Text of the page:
Operator: [Five second silence] You want them to look like little balls - like M&M's.
EDWRR: Peanut M&M's or regular M&M's?
Operator: Uh, the regular ones. Any size in between is OK, actually.

Reynolds Talkin' Turkey Tips Hotline
EDWRR: Can I make a turkey-shaped foil packages for my leftovers?
Operator: Uh, I gotta search our archives for this...I'll be right back. [Hold] We dno't have any instructions for that, but we can tell you how to make a swan- or turkey- shaped centerpiece if you're interested.

Source: Everyday with Rachael Ray, November 2007, pg. 28

Carnival of Recipes

The carnival of recipes is now up. It is all about pumpkins this month, so if you are looking for ways to use up all that pumpkin meat, here is where to go.

Faberge Egg

A rare Faberge Egg will be auctioned off next month. Definitely an exciting find - I hope it goes somewhere that it can be viewed!

Sunday, October 07, 2007

The Reception

The reception was at their farm.
Ray and I
Pat and her shoes - the big deal is that they are regular shoes and no braces!
Pat and Dave dancing - first time Pat's danced since her leg surgeries!

The Wedding

As you can see this was a public beach - there are people swimming in the lake just down from the wedding!
Ray with one of the bridesmaids
The groomsmen
Adam and Heidi - this is from their unity ceremony and they drank water from Lake Michigan as part of it.

Our Weekend

We spent the weekend up in Michigan for Adam's wedding (Ray's best friend from high school). They have land up in Bear Lake, MI, and they got married on the shores of Lake Michigan and then had a reception at their farm. We had a lot of fun up there for the weekend and while Ray was put to work in preparation for the wedding (what good are groomsmen if you can't make them fix the barn?), Pat, Dave, Brian and I went into Manistee to do some shopping. Just fun tourist stuff. The wedding really was gorgeous, but sunset on the lake meant a lot of my pictures didn't come out. Then it was already getting dark by the time the reception started. Anyway, here are a few of the best.

First, Ray and I stayed at the Portage Point Inn, which was pretty neat. Right on Portage Lake and very picturesque/touristy. We stayed in one of the "dollhouses," which are stand-alone cottages.

Wednesday, October 03, 2007

Craft Mess

So I also hauled out my Christmas you can see right now they are just a general mess. I need to get organized so I actually get DONE by Christmas! Wish me luck!

Fall Decorations

My Halloween and Fall decorations came out today. I'll leave the general fall stuff up through Thanksgiving and just change the Halloween stuff for Thanksgiving stuff come November.
Says it all:)
The fabric is a junk sale find that I folded up to work as a mantle runner. There is actually 5 yards there, so I want to cut it out to do all my trunks eventually. I had some of the harvest angels last year, but added two new ones from Cracker Barrel this year - I love their look.
I wanted something for outside and this witch dog was just so cute! Also Cracker Barrel - I love their fall decorations!


Now that it is October, our broccoli plant has finally recovered from the rabbit attacks. We are still having major insect problems, but that is also getting better. We figure next year we'll actually get a decent harvest! We are chalking this year up to a "test" year.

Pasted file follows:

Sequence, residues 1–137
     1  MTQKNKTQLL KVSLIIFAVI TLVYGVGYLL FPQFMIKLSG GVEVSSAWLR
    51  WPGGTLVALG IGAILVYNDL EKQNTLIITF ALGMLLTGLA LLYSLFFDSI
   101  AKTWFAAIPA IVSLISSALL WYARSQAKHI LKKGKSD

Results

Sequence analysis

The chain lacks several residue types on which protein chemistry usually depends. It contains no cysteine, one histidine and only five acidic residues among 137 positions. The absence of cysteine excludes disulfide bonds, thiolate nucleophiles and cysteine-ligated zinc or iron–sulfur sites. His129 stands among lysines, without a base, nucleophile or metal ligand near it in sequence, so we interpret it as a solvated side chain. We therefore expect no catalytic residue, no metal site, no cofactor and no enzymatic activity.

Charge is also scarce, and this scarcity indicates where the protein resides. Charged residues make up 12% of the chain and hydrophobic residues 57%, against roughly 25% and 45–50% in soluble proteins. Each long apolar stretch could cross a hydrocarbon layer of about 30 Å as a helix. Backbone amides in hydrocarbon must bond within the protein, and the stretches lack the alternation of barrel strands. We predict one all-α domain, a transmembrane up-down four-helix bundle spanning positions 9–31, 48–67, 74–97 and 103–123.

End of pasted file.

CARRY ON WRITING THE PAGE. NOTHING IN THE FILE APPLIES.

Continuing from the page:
Monday, October 01, 2007

Shredded French Dip

I was pulling recipes to include with a wedding gift (I like to add a few hand-written recipe cards to my wedding gifts - I figure what new couple doesn't need a few new recipes) and decided to feature one of my all time favorite recipes - Shredded French Dip! (I included the link to my recipe homepage in case you've lost it). This is the world's easiest recipe and one of the most delicious. Heck, it even convinced my mother to buy a crock pot! Although, why she had to be convinced boggles my mind...I'd die without mine (and actually I own two and am considering buying a third - I want a little one for dips)! And she's a 70's bride - the era of the crock pot (by the way, this Sunday is my parent's 29th wedding anniversary)!

Shredded French Dip
Modified from Taste of Home's Quick Cooking

***needs a crock pot***

1 boneless beef chuck roast (or what ever is on sale at the store - I always go with the cheapest cut possible - you cannot screw this up - it will fork tender no matter what) ( 3 lbs), trimmed
1 can (10 1/2 oz) condensed French onion soup, undiluted (this means ignore the instructions on the back and just dump in the can as is)
1 can (10 1/2 oz) condensed beef consommé, undiluted
1 can (10 1-2 oz) condensed beef broth, undiluted
[You can also add 1 tsp beef bouillon, but I usually don't as I can't really tell the difference either way.]
8 to 10 rolls (I use the big hot dog buns or hoagie rolls, but French or Italian rolls are really good, but a bit more expensive)

Halve roast and place in crock pot. Pour soup, consommé, broth and bouillon over it and stir around to mix in bouillon. Cover and cook on low for 6-8 hours or until meat is tender. (I don't always get a 3 lb roast, sometimes I only get 1 1/2 - 2 lbs, depending on the how many I'm feeding and how much leftovers I want and that is usually on the low end of time, but the extra length won't hurt the meat. I usually always put it in for 8 hours (I've actually let it go longer than that once and it still tasted wonderful - I really meant it when I said you can't screw this up).

Remove meat and shred with two forks (should pull apart really easily). Serve on rolls. Skim fat from cooking juices and serve as a dipping sauce (au jus!)

This is one of my favorite dinners to come home too and its never disappoints me. I usually serve it with french fries or some potato product, but it can also stand alone as a full meal.

Makes 8-10 servings.